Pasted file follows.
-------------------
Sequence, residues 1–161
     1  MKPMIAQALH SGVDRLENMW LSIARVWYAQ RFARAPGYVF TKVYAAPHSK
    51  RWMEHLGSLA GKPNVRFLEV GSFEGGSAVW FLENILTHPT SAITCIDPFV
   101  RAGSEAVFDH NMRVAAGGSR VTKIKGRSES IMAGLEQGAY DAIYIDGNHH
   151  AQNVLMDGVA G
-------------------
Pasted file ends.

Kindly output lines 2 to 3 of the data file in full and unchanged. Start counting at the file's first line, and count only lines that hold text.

     1  MKPMIAQALH SGVDRLENMW LSIARVWYAQ RFARAPGYVF TKVYAAPHSK
    51  RWMEHLGSLA GKPNVRFLEV GSFEGGSAVW FLENILTHPT SAITCIDPFV